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Shipwrecks

A sailor's life journeying the five Great Lakes sounds romantic, but not all the journeys have been smooth sailing. The Great Lakes have seen their share of shipwrecks over the years.

Explorer Robert de LaSalle's ship, the Griffin, one of the first large ships ever to sail the Great Lakes, was launched in 1679 and carried a load of furs out of Green Bay on its maiden voyage. She was never seen again and no splinter ever washed ashore. The Griffin leads the long parade of ghost ships that provide us with the great mysteries of the Great Lakes.

In 1871 alone, 1,167 disasters were recorded. In the two decades between 1878 and 1898, the United States Commissioner of Navigation reported 5,999 vessels wrecked on the Great Lakes and 1,093 of these were total losses. 1905 was a particularly bad year on the Lakes with 271 vessels damaged, 54 of which were lost through the stress of weather.

Whereas luck and intuition were the tools available to early skippers, today's captains have the finest and most sophisticated navigational aids available. Ships are equipped with weather warning systems, radios, direction finders, and depthometers. Careful study of previous shipwrecks has taught us how to improve ship construction and methods of navigation.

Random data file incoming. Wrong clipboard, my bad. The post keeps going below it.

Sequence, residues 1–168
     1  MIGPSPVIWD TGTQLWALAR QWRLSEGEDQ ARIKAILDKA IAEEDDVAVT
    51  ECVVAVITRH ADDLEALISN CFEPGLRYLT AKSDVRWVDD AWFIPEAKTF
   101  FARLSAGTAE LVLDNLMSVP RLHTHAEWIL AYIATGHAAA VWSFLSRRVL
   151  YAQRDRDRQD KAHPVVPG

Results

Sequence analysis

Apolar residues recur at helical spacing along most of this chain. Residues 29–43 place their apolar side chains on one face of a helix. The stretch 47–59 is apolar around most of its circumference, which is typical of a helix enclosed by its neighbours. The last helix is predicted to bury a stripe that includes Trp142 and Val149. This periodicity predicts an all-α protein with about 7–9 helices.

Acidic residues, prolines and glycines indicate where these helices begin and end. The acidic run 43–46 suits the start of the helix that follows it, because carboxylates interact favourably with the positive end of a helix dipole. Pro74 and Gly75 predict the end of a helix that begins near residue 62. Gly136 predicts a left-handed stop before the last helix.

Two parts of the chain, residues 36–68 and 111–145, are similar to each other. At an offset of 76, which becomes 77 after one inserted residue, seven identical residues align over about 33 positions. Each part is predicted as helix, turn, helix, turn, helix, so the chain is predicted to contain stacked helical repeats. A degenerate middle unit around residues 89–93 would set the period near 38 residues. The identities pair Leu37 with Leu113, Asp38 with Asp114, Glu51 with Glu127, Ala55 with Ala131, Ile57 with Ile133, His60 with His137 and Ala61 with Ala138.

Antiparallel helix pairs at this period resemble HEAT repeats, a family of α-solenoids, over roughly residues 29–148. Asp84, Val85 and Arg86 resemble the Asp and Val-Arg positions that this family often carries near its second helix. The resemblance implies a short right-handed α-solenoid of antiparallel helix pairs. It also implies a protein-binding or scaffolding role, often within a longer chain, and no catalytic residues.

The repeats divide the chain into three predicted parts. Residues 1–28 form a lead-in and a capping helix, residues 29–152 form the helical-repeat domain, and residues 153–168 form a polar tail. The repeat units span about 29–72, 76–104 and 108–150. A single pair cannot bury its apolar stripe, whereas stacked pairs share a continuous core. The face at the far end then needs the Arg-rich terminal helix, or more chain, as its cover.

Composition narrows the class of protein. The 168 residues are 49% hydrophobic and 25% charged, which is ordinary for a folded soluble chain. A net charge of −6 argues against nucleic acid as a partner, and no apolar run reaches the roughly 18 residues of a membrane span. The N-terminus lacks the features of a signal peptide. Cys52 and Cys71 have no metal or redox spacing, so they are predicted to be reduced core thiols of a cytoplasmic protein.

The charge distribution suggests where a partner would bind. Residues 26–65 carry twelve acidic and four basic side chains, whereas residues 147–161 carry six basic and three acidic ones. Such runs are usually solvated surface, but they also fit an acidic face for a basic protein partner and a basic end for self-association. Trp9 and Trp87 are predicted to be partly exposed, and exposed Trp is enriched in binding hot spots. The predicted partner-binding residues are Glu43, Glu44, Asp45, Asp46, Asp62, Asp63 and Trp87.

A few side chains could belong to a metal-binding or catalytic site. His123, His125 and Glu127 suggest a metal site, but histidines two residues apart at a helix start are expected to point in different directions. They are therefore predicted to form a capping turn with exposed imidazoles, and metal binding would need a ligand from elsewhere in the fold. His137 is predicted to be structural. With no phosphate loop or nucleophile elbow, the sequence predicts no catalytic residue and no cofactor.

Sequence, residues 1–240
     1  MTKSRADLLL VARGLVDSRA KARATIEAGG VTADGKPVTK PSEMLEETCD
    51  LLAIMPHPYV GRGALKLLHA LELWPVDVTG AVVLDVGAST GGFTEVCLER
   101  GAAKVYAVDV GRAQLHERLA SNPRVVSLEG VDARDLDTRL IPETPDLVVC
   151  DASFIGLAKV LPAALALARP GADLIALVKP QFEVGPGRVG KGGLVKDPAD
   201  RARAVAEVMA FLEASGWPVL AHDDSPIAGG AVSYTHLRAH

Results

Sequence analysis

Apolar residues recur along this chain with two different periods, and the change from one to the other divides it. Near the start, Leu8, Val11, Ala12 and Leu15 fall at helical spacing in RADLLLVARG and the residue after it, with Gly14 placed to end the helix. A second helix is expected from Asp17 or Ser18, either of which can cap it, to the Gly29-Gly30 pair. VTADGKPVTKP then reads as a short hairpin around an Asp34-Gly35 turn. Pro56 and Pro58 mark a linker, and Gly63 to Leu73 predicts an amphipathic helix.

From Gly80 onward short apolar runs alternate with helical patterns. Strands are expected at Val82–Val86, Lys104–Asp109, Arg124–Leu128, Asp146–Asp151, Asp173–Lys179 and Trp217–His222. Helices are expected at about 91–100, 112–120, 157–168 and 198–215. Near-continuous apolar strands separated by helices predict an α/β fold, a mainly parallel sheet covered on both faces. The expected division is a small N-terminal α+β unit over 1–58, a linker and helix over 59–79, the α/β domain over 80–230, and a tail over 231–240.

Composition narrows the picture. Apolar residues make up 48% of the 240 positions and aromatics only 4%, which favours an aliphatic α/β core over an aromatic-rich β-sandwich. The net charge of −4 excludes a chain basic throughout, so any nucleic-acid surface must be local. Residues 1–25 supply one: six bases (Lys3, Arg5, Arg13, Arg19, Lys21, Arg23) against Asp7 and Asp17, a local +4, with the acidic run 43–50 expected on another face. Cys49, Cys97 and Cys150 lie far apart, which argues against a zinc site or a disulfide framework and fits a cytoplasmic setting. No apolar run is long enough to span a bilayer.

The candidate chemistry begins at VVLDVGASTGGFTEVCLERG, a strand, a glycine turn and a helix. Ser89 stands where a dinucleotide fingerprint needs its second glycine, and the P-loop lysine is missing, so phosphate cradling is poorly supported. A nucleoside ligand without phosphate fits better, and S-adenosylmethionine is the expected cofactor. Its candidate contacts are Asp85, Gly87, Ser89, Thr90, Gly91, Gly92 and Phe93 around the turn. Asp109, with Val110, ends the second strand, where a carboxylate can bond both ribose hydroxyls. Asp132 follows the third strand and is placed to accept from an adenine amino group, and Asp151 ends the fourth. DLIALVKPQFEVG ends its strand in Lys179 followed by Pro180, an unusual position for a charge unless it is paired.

Despite all that modern technology can offer, surviving a Great Lakes storm is still a challenge. The storms of the Great Lakes have been compared with a witches brew,” and a devil's harvest. Storms can explode across hundreds of miles of open water with little or no warning. Storms on the Great Lakes often can be more difficult to navigate than ocean storms. Waves on the Great Lakes jump and strike quickly compared to the lethargic rolling and swelling of ocean waves.

Just as there are comparisons to be made between ocean storms and lake storms, there are differences in the way each of the Great Lakes reacts in a storm. Most veteran captains and crews find Lake Erie the least agreeable in either fair or foul weather because of its shallow depth and muddy bottom.

Lake Superior is a favorite among mariners because its large size affords the greatest amount of room for maneuvering during a storm. However, it too poses a challenge to navigate with its rocky coastline, cold temperatures (40 degrees in summer or winter), and huge waves that develop because of the Lakes depth. An ancient Chippewa legend warns that Superior never gives up its dead.

Lake Michigan commands the greatest respect among seafarers for several reasons. Prevailing winds sweep its length and the currents caused by wind shifts around the Straits of Mackinac cause it to be the trickiest of the Lakes to keep on course. It also has a scarcity of natural harbors and human-made places of refuge.

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